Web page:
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Asian Property Investments Slow, Yet Cross Border Capital Fuels Global Growth

Asian Property Investments Slow, Yet Cross Border Capital Fuels Global Growth

Commercial News » Shanghai Edition | By Miho Favela | October 16, 2015 8:30 AM ET



According to CBRE, Asian investors accounted for nearly 20 percent of global cross-border investment in the first half 2015, or $19 billion. The top three sources of Asian outbound capital in terms of dollar value were China ($6.6 billion), Singapore ($4.4 billion), and Hong Kong ($2.2 billion).

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Of the numerous new sources of global capital--which include Canada and non-institutional investors from the Middle East--Asia has been particularly significant due to the size, speed and potential long-term impact brought by the recent regulatory changes in domestic markets. This has allowed many of the local pension funds and insurance companies to invest globally for the first time.

"An unprecedented amount of dry powder is set for potential deployment in the global property markets, mainly fueled by numerous Asian institutional investors still under-allocated in real estate, and facilitated by ongoing deregulation in many domestic markets. Particularly notable are the Japanese pension funds, who are currently sitting on a $1.8 billion war chest and are expected to increase their global real estate allocations in line with international trends," said Richard Kirke, Managing Director, CBRE Capital Markets Asia Pacific.

"Another interesting trend is the strong wealth growth amongst Asian HNWIs. Their above-average allocation to overseas real estate assets as compared to their global peers is an undeniable impetus driving the growth of overseas development projects," added Mr. Kirke.

Despite Slower Market Activity, Sector-Rebalancing, "Permanent Capital" to Drive Long-term Asian Investments

While investment growth in the US and EMEA increased in H1 2015, Asia Pacific investment levels reflected a decline over the same period. Following a strong rebound after the global financial crisis (GFC), the present slowdown in market activity can be partly attributed to the wider financial market volatility and uncertain investor sentiment in China.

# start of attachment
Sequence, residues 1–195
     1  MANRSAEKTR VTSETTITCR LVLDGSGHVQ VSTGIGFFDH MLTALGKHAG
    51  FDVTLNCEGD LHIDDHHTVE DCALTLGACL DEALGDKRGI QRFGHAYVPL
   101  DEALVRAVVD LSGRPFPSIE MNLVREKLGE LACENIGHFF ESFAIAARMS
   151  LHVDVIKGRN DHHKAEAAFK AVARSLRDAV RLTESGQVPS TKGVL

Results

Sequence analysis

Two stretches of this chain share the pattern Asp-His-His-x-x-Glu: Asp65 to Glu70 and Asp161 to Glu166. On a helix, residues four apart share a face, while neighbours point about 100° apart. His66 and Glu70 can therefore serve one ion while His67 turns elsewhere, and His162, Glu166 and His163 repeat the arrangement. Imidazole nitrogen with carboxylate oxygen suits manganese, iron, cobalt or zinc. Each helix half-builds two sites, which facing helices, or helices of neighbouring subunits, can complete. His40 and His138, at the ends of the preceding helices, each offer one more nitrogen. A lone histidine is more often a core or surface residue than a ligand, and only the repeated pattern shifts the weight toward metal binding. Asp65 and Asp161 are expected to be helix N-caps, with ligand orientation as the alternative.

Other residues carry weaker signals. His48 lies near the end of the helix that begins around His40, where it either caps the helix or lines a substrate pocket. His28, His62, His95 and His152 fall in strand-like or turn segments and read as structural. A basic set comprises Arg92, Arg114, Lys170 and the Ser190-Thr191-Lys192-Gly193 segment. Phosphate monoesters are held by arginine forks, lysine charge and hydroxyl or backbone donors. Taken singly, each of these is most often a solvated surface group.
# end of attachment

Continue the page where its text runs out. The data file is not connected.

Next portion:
Currency factors like weaker domestic exchange rates and a stronger US dollar have also accentuated the fall in activity in Asia Pacific, particularly as the greenback strengthened against many local currencies such as Australia, Japan and South Korea. Put in perspective, the region registers a more moderate decline if measured in local currency terms.

Dr. Henry Chin, Head of Research, CBRE Asia Pacific, said, "the recent economic deceleration in Asia has led to China, Singapore and South Korea dropping down in the top 20 market rankings in H1 2015. That said, despite the recent volatility in China, it was still the one of the world's largest sources of outbound capital in H1 2015 with $6.6 billion in investments, just behind the US, Canada and Germany.

We expect the recent market correction and Yuan devaluation to be minor speed bumps on China's long-term road to global expansion, and further foresee the region to benefit from increased investments by long-term asset holders and the development of a more balanced sector mix," Dr. Chin added.

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Looking ahead, CBRE notes an increase of strategic acquisitions by international buyers with a long-term investment horizon, the so-called "permanent capital". A number of transactions in H1 2015 by these players, comprised mainly of REITS and prominent sovereign wealth funds (SWFs), have reinforced their strong interest in growing their exposure in the Asia Pacific region, in line with their long-term liability-matching allocation strategies.

The change in investor preferences, or sector-rebalancing, is likewise driving a more balanced view of investors' overall portfolio allocation and management. In Asia Pacific, ongoing concerns over declining yields and limited asset availability are fueling the flight to alternative investments. As many of the Asian markets are continuing to develop, more sector-rebalancing is expected in the region in the mid-term, with the industrial and hospitality segments poised to gain from the shift, as well as alternatives sectors such as senior housing and healthcare.


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